Well... we have three integer operations already; we might as well make this a full-fledged programming language. Say, let's add the following:

  • . pops from the stack and prints the value
  • ! pops a name and a value from the stack, and assigns the value to the variable with that name
  • @ pops a name from the stack and pushes back the value of the variable with that name
  • dup duplicates the item at the top of the stack (in other words, pops a value and pushes it back twice)

Here are a few programs in our language:

  • 5 3 + → 8
  • 5 dup * → 25
  • 1 2 dup * + dup + dup * hundred ! 2 hundred @ * → ?!

Yeah, that last one's a bit contrived. Here's a tabulated version, with the content of the stack at each step:

CodeStack afterwardsVariables
!hundred = 100
22hundred = 100
hundred2hundredhundred = 100
@2100hundred = 100
*200hundred = 100

As you can see, even with such a simple language and such a simple evaluation mechanism (cf. the RPN evaluator), we can do interesting stuff.

As a matter of fact, the language we're using here is not imaginary at all: it's actually (a subset of) Forth. It was designed in 1970 and gained popularity at the time because of its size; you could fit the compiler, editor, shell in very limited space, compared to languages such as Fortran or ALGOL. It's still used nowadays in some fields, but it's always been pretty niche.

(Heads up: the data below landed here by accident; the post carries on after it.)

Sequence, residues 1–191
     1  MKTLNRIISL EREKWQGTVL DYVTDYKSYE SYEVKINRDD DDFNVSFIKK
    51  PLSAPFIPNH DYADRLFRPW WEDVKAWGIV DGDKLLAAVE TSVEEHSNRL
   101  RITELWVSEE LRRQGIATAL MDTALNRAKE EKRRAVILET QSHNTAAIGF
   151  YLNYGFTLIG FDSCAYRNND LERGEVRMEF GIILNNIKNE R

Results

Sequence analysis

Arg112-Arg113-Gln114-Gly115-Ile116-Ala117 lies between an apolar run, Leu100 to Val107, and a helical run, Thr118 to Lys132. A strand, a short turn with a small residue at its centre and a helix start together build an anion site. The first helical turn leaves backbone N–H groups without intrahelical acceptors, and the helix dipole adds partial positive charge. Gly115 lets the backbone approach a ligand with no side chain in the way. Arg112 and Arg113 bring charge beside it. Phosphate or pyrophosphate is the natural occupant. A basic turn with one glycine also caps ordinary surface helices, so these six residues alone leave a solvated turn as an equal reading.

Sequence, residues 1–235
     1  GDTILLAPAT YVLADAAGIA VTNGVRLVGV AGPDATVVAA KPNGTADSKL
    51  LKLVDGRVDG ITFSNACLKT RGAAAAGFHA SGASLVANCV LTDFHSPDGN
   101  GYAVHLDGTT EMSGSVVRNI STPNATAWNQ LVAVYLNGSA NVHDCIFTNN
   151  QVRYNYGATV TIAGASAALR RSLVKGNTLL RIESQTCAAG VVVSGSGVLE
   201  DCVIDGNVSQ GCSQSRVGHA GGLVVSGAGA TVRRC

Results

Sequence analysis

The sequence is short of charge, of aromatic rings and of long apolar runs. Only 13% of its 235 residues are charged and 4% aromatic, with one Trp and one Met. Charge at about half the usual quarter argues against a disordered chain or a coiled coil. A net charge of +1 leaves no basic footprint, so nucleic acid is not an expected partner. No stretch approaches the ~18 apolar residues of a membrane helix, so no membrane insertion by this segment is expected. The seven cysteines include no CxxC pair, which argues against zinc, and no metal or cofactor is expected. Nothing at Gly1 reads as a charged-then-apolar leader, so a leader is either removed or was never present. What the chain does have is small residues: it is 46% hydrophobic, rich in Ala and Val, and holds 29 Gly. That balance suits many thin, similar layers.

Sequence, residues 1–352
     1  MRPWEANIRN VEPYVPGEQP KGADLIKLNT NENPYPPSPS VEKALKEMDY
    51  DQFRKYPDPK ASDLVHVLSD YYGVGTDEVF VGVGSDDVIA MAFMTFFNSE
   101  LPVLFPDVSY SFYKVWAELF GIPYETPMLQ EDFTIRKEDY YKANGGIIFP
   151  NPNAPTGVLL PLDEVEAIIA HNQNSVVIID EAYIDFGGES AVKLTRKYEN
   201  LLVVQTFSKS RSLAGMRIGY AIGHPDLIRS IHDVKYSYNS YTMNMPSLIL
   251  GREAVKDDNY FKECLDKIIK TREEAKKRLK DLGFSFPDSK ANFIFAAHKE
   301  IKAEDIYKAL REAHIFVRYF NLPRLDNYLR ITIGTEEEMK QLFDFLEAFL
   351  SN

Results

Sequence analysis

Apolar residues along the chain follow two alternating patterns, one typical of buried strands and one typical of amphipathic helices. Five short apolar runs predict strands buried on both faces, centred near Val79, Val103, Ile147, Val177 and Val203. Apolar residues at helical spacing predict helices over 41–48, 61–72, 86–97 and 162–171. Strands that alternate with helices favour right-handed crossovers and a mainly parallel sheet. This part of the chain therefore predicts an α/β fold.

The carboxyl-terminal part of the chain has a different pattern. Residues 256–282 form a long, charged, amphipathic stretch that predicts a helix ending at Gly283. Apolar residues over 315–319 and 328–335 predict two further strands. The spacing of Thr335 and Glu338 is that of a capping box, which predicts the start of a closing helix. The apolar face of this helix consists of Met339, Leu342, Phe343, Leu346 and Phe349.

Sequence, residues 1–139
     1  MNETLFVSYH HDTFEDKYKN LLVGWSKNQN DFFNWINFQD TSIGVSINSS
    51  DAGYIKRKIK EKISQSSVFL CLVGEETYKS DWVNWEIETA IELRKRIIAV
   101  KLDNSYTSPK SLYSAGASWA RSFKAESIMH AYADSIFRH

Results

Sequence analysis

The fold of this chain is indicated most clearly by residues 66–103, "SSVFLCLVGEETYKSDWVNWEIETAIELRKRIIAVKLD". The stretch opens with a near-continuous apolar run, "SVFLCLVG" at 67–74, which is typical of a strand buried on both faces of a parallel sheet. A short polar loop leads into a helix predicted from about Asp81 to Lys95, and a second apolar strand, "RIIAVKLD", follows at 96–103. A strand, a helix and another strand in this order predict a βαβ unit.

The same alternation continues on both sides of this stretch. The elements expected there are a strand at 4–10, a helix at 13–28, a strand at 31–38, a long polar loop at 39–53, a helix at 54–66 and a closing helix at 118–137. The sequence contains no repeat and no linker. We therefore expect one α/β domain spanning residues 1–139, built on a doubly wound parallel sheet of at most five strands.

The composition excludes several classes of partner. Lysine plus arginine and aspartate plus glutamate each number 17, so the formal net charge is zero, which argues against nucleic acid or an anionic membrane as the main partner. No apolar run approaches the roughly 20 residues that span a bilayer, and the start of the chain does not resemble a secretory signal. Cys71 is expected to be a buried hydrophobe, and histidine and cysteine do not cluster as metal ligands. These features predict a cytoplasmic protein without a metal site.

It's not the only language to use an "unusual" notation:

  • the Lisp family, specifically the S-expression notation, uses prefix (Polish) notation for everything, so you get things like (+ 1 (- 2 (* (- 3 4) 5)))
  • PostScript, like Forth, uses postfix (RPN) notation

However, the Lisp family is not really commonly used anymore (hi Clojure friends!) and PostScript is usually software-generated.

For a Few Stacks More

Ever heard of macros?

Do you ever think to yourself, while writing code, "man, this code would be so much clearer if it were written for a stack machine"? Me neither.

However, back in August, this Tweet popped in my feed:

Our old friend Forth, as a Rust macro.

A marvel of engineering, but it used stuff like HashMaps, so it wasn't truly compile-time. So, naturally, I opened up a Playground session and started blasting.

The goal, here, is to implement a Rust declarative macro that reads Forth code and evaluates to the value of that bit of code. There are a few things to unpack here:

  • Rust macro: takes a Rust syntax tree and outputs another Rust syntax tree. Basically, you can process code at compile time. Like C macros, but advanced.
  • Rust declarative macro: a Rust macro that you can define directly in a Rust source file, using a special syntax that allows declaring patterns to match on, and complex substitutions rules. They can't do anything macros can do, but they're still quite powerful.